Beware tacit collusion: price transparency has its own pitfalls
“Curing High Healthcare Prices”
By Robert Graboyes and Jessica McBirney, courtesy of the Mercatus Center
For the majority of Americans, the cost of healthcare is a thing of mystery. Go in for a major procedure, and you’ll have no idea what sort of financial statement will waft into your mailbox weeks or months later. And even after the statement (perhaps labeled “this is not a bill”) arrives, it takes a while to figure out how much, if anything, you owe.
This is a genuine problem. But one proposed solution—legally mandated price transparency—has its own pitfalls. In some cases, the impact of mandatory transparency may be negligible—not harmful, but not a cure for high prices. In other cases, this cure may be worse than the disease.
The Appeal of Price Transparency
In competitive markets, easily and instantly available prices are the lubricant that keeps the wheels of those markets turning so efficiently. Knowledge of the prices available tends to decrease the range of prices offered for similar goods and can lower overall price levels as sellers compete for buyers’ patronage.
This is why many consumers and policymakers are drawn to the idea of price transparency in healthcare—that is, legal requirements that healthcare providers publicly list the prices for their services. As the Trump administration explains in its executive order on hospital price transparency (recently upheld by a federal court), “Making meaningful price and quality information more broadly available to more Americans will protect patients and increase competition, innovation, and value in the healthcare system.”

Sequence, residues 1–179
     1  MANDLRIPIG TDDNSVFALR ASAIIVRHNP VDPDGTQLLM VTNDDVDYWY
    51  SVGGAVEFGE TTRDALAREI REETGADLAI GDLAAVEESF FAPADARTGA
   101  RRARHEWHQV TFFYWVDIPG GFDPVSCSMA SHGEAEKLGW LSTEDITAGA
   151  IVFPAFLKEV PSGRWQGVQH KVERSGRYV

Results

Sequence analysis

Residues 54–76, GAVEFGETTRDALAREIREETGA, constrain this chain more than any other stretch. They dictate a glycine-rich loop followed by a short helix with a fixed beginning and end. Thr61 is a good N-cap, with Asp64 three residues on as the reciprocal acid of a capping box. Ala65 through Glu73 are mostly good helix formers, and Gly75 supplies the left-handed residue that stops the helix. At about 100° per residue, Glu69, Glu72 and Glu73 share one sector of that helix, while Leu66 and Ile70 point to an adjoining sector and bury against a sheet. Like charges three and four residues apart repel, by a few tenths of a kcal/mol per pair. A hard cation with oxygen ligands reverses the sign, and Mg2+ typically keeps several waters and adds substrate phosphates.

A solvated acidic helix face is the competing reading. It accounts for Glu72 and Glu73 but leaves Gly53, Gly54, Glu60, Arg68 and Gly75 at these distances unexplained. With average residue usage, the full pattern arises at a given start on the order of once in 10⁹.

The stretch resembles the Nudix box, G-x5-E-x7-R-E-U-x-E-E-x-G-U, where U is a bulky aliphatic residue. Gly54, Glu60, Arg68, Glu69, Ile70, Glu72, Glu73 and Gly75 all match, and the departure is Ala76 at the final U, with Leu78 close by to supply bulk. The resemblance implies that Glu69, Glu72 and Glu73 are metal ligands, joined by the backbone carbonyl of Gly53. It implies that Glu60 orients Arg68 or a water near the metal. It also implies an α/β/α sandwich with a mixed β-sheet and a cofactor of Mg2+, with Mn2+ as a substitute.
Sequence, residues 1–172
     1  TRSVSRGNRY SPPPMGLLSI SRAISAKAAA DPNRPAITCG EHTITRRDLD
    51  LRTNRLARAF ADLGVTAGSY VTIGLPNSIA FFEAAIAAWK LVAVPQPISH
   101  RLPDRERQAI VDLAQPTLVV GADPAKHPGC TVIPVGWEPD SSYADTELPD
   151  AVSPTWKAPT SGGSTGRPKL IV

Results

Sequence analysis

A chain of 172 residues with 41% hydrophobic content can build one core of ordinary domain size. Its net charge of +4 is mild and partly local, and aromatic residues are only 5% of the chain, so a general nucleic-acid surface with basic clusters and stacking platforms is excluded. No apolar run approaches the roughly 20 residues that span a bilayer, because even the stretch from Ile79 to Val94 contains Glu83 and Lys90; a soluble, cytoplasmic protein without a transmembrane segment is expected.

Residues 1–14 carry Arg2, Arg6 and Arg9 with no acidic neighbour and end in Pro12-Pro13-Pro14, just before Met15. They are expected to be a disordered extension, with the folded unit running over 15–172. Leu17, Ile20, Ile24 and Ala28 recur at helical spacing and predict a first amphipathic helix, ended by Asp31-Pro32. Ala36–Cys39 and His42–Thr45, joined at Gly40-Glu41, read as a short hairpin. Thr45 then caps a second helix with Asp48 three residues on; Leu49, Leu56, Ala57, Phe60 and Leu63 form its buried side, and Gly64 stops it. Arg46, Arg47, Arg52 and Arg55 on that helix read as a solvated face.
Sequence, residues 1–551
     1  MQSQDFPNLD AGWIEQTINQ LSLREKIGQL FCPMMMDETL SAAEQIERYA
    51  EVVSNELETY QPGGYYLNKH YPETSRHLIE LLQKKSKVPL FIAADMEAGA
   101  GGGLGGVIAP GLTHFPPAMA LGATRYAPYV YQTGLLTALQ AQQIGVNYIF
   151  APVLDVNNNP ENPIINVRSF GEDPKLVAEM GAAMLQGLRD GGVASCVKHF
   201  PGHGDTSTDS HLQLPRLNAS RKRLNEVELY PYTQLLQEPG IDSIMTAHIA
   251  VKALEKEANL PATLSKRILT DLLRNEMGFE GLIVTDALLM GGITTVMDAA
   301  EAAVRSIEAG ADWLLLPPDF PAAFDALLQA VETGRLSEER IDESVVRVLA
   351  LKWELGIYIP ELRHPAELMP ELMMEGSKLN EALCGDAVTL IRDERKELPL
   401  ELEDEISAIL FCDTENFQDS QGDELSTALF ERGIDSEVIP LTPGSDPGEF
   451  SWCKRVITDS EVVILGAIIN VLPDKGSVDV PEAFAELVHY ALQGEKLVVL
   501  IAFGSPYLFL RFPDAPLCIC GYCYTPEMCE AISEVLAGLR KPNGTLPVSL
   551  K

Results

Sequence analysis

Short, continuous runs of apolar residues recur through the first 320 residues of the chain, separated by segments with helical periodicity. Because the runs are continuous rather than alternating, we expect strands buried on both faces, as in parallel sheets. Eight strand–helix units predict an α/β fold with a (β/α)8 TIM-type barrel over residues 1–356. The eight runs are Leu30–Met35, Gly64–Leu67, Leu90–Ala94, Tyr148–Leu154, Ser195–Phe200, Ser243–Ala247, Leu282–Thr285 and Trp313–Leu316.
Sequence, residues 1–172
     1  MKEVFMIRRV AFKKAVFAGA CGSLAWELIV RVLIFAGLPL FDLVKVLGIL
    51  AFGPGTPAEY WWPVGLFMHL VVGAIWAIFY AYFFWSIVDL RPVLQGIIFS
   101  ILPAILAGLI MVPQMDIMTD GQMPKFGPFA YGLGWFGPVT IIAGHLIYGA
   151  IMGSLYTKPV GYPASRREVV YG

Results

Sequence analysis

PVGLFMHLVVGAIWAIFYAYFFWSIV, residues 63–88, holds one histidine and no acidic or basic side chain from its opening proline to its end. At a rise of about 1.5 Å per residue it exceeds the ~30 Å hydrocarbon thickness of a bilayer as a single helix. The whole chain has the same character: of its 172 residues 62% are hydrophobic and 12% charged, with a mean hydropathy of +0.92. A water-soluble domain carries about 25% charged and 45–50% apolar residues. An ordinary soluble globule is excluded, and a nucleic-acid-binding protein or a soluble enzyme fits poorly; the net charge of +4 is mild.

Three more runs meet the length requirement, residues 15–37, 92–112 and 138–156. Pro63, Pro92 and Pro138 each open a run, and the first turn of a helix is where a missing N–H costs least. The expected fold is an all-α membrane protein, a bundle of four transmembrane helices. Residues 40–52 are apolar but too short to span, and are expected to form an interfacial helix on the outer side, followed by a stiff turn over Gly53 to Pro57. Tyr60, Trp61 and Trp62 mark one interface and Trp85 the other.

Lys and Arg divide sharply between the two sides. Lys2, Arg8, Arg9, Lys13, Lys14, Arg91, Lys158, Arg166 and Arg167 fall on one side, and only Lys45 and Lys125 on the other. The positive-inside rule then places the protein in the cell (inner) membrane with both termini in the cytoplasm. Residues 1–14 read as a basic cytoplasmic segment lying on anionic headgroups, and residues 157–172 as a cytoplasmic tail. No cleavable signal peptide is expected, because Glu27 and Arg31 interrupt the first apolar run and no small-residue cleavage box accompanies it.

Tacit Collusion: Why the Cure May Be Worse Than the Disease
The received (but sometimes inaccurate) wisdom is that price transparency (in this case mandatory transparency) will spur competition, thereby pushing prices downward. And, as basic economic theory tells us, that also means expanded supplies of those goods and services because sellers will produce more goods and services in response to the increased demand caused by lower prices. The problem is that many or most healthcare markets in the United States don’t fit that textbook description of “competitive.” And under the conditions common to many noncompetitive markets, price transparency—mandatory or not—may have the opposite effect, raising prices and shrinking supplies.
This is owing to a problem that economists call “tacit collusion” and antitrust attorneys call “conscious parallelism.” If competitors talked to one another and agreed to raise prices and cut supplies, antitrust law would likely deem that to be a conspiracy against the public, with the potential for civil and criminal penalties. But with tacit collusion, there’s no need for the competitors to communicate with one another because the publicly available price is itself the communication. As long as one competing firm doesn’t charge more than the others, that firm will not lose customers to its competitors. The competitors effectively become partners in a silent cartel, with the same economic effects as a conspiracy but with no legal penalties.
One reason that tacit collusion occurs is that, with transparent, publicly available prices, no provider has to offer low prices out of fear that his competitors may be seizing market share by undercutting him. And no provider is tempted to undercut because his competitors will immediately see this move and respond in kind.
Tacit collusion requires three conditions: a small number of providers, a high level of difficulty for new providers to enter the market (in other words, a barrier to entry), and mutual knowledge of competitors’ prices. In 2011, a federal court found the presence of tacit collusion in gasoline markets on Martha’s Vineyard, Mass. On that island, there were only a few companies operating gas stations. Local regulations prevented newcomers from opening competing gas stations. And, of course, the pump prices were displayed on large signs for all to see.
These three conditions, the court found, enabled the gas station operators to act like a cartel, raising prices considerably above what they would have been in a competitive market. However, since there was no actual conspiracy—no explicit agreement to raise prices—the court found that the operators had not violated antitrust laws.